More Playmates acting up

Just days after news that Anna Nicole was being sued for being, well, Anna Nicole, comes news that some of her Playmate sisters are arrested for being, well, just like Anna Nicole, but perhaps more hostile.

Friday, December 09, 2005


Just had to share this.

To paraphrase Dave Barry, however, I do think that "The Flying Lemurs" would be an excellent name for a band.

A really sad end Pt. II

The saga of Terrell Pough took a really weird turn this month. Cops have charged two young men with killing him, apparently over some kind of dispute over a paycheck. Turns out, if cops are right, that Terrell worked hard to get his friend Antoine a job at his fast food restaurant. The restaurant closed and the owners stiffed both of them. Even though Terrell had done many favors for Antoine, it looks like Antoine thought Terrell could have done more to help him get his last paycheck. So he and a buddy ambushed him and killed him. If there ever was a senseless killing, this one is it.

Believe the hype

As a journalist, I am usually reflexively suspicious of hype. So when everyone began talking about Clap Your Hands Say Yeah over the summer, I figured it was just another case of Polyphonic Spree or Terence Trent D'Arby, critical darlings that amounted to, well, critical darlings and not much more. And I heard a couple of tracks from them on the radio and I wasn't impressed. But I ran across them on Napster and figured what the Hell, It's free (or almost) and I downloaded the album. And it grew and grew on me. I'm not sure I can describe it - it's got bits of John Lennon, bits of REM, large chunks of Radiohead (which I really don't like, but works here), some Violent Femmes, some Velvet Undergound, a little well placed Kings of Leon, and I-don't-know-what-all. But it's really damned good. I'll warn you - it takes two listenings at least, so if you're one of these give-it-five-seconds-and-move-on-types, don't bother. But this album will reward some patience.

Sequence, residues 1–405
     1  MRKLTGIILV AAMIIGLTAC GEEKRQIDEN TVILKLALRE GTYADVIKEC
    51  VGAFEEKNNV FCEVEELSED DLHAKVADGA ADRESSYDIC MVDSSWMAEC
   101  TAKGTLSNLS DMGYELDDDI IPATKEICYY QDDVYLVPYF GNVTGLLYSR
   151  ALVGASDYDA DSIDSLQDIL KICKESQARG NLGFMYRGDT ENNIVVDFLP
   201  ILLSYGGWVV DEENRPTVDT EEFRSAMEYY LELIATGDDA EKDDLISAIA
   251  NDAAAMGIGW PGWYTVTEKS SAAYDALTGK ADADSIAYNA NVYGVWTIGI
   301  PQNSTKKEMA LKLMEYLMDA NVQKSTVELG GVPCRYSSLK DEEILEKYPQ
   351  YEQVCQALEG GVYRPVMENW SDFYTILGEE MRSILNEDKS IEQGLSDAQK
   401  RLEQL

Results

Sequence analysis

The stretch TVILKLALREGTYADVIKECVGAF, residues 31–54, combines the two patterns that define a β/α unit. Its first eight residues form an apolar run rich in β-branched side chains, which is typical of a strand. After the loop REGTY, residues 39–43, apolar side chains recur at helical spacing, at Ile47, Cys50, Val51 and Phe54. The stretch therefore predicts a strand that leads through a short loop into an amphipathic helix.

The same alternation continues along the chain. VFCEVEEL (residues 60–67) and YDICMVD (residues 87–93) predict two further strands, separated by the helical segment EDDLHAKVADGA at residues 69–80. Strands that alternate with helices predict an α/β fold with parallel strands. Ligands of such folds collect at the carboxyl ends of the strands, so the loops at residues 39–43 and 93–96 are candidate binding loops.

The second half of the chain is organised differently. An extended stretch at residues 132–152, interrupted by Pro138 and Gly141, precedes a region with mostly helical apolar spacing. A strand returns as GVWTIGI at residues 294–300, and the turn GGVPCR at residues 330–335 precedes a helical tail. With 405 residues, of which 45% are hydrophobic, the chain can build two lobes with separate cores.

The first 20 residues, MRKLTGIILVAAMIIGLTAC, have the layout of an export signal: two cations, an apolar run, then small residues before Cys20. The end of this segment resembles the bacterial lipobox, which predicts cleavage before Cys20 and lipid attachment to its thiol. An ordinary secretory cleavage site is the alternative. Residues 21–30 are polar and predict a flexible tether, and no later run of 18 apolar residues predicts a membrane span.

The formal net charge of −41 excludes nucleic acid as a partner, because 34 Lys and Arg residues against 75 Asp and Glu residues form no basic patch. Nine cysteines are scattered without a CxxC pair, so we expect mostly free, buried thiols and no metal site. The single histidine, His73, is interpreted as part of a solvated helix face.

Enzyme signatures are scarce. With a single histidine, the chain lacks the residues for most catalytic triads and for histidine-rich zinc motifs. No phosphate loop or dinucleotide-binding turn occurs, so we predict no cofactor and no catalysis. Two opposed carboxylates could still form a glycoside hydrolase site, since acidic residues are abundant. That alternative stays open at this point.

Saturday, December 03, 2005

Feed the World, Anna

I happened to be covering the Live 8 event for People in Philadelphia and saw Anna Nicole Smith's bizarre appearance there. She was indeed scantily clad - her "shirt" consisted of two rectangles that hung from a string around her neck. Each rectangle was composed of a dozen or so overlapping plastic plates loosely stitched together. Naturally, the whole thing did little to cover her most distinguishing characteristics, which were swinging free without a bra. The only things that kept her from being completely exposed were two Playboy logo pasties over her nipples. The effect was, shall we say, dramatic.

To make it weirder, she was scheduled to make some remarks, but at the last second her people announced that she would simply pose for photos and would not take questions. She had to be helped up the steps to the photo area. She thereupon proceeded to wiggle for the camera in a most remarkable way, and for an uncomfortably long time. People eventually began to laugh and someone cried out "Feed the World, Anna." She grabbed her breasts, wiggled them invitingly at the audience of journalists and cooed "ooooh, feed the world." Moments later, her people escorted her firmly from the stage.

My question is, how could anyone tell if she was drunk or not?

Friday, December 02, 2005

Ah, that explains everything.

I was pleased to hear the president note the other day that "the will to power cannot overcome the will to live in freedom."

I am sure that comes as a great comfort to the late leaders of the Weimar Republic.